Spent grains for animal feed

The animal feed industry has long known the value of spent grains. BSGs are a nutritious source of protein and fiber for animals. About 80% already go into feed for chicken, cows, and pork. Some companies are even using them for farmed fish production.

And this isn’t even a novel idea. When Adolphus Busch started Anheuser-Busch, he encouraged farmers and ranchers to pick up spent grains from the brewing plant! Any farmer fortunate enough to live next to a brewery can often receive spent grains to supplement their regular animal feed, as most breweries donate the grains for free.

From Beer to Beef. image: Citizen Times

For example, MillerCoors has partnered with Nutrinsic to upcycle their wastewater to make ProFloc, a high protein animal and fish feed.

For those of you who home-brew, you can even make dog treats from spent grains. They actually look good enough for us to eat! You can also buy them from Doggie Beer Bones.

Spent grains for energy and composting

Spent grains can also be put in a methane digester to create energy for the brewery. The Alaskan Brewing Company created a steam boiler which provides energy to their brewing process.

The city of Boulder, Colorado is using weak wort, a beer byproduct, to reduce nitrate-nitrogen levels from its wastewater facility without using additional chemicals. They are working in collaboration with Avery Brewing.

Progress in the battle against food waste

The efforts of the brewing industry, which represent just a single element of an enormously large and complex food system, points to significant progress in the battle against food waste. As a consumer, you can do your part to recycle or repurpose your food waste.

AquaBounty Salmon: 5 Questions

salmon steaks with rosemary

Alison Van Eenennaam is an extension specialist in animal biotechnology and genomics, Department of Animal Science, University of California, Davis. Follow her on Twitter @biobeef

This article originally ran at The Conversation as The science and politics of genetically engineered salmon: 5 questions answered and has been republished here with permission from  Genetic Literacy Project.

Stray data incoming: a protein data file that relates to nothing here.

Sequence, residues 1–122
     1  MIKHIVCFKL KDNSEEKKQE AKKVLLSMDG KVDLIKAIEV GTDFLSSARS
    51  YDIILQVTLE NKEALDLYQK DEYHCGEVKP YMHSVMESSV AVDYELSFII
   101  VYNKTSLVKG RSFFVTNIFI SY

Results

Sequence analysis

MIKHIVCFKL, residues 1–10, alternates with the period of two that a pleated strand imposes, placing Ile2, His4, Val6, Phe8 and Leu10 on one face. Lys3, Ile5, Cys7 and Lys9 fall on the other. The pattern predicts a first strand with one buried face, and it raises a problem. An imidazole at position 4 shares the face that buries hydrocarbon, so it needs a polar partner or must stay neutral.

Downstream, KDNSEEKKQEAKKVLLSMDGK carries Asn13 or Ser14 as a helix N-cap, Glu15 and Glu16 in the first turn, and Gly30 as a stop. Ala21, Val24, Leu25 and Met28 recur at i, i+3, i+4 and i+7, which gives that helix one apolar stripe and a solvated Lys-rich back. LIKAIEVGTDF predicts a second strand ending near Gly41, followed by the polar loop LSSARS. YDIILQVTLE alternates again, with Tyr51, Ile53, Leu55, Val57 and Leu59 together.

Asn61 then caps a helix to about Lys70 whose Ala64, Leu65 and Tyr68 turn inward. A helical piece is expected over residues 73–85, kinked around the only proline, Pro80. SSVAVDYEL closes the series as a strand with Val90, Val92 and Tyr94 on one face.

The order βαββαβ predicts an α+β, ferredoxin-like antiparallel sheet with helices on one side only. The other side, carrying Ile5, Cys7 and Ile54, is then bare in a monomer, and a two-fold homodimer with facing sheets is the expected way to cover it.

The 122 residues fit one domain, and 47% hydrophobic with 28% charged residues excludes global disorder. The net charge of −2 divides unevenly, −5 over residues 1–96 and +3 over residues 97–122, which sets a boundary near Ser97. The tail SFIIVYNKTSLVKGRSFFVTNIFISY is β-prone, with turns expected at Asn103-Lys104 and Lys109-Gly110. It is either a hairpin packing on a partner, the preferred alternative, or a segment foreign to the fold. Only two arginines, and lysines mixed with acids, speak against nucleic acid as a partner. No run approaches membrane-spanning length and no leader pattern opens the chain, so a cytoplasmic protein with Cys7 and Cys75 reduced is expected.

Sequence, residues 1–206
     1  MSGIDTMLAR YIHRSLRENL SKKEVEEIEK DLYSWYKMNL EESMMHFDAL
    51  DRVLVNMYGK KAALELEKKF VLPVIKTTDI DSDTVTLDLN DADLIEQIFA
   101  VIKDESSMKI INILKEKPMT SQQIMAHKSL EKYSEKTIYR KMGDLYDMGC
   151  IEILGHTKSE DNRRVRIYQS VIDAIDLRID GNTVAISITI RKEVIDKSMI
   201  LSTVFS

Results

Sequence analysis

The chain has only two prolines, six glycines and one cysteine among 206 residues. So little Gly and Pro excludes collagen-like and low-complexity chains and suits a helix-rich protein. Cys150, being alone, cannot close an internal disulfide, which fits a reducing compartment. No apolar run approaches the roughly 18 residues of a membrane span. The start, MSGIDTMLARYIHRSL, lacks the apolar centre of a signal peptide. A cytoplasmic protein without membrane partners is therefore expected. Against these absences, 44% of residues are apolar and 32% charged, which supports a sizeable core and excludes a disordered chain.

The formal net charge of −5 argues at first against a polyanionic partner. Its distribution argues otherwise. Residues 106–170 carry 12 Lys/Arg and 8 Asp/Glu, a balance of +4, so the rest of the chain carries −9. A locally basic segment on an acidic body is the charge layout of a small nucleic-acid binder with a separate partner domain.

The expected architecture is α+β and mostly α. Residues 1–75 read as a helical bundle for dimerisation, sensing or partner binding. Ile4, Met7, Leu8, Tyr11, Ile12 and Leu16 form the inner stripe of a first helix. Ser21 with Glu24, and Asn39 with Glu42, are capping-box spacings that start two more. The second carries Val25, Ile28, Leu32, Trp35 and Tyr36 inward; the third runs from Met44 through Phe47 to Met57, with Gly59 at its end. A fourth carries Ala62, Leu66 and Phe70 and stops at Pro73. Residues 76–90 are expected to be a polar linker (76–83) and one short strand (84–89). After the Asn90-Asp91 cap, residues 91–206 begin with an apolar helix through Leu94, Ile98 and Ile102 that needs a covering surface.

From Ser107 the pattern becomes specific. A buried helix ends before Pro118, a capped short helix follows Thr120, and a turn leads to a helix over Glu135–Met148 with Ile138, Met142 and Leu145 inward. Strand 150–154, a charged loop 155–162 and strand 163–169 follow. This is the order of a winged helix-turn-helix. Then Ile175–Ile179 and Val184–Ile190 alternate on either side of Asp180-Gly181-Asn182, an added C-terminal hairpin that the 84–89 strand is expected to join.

A Massachusetts-based company [in March 2019] cleared the last regulatory hurdle from the Food and Drug Administration to sell genetically engineered salmon in the U.S. Animal genomics expert Alison Van Eenennaam, who served on an advisory committee to the FDA to evaluate the AquAdvantage salmon, explains the significance of the FDA’s move and why some have criticized its decision.

How is AquaBounty’s salmon different from a conventional salmon?

The main difference is that AquaBounty’s AquAdvantage salmon grows faster than conventional salmon, and therefore gets to market weight in less time. This is desirable for fish farmers because it means the fish require less feed, which is one of the main costs in aquaculture.

Fast growth is a commonly selected characteristic in food animal breeding programs. The growth rate of chickens, for example, has increased dramatically over the past 50 years thanks to conventional breeding based on the naturally occurring variation in growth rate that exists between individual chickens.

image source: Scientific American

To produce the AquAdvantage salmon, Canadian researchers introduced DNA from the King salmon, Oncorhynchus tshawytscha, a fast-growing Pacific species, into an Atlantic salmon genome 30 years ago. The AquAdvantage salmon are several generations removed from that original fast-growing founder fish. These fish inherited the King salmon fast-growth gene from their parents in the normal way, passed down through sexual reproduction.

The Food and Drug Administration approved AquAdvantage salmon in 2015. Why couldn’t it be sold in the United States until now?

Because the AquAdvantage salmon is a genetically engineered animal, it was required to undergo a mandatory premarket FDA safety evaluation. The agency completed that evaluation and determined the fish was safe in November 2015, after almost two decades of regulatory scrutiny.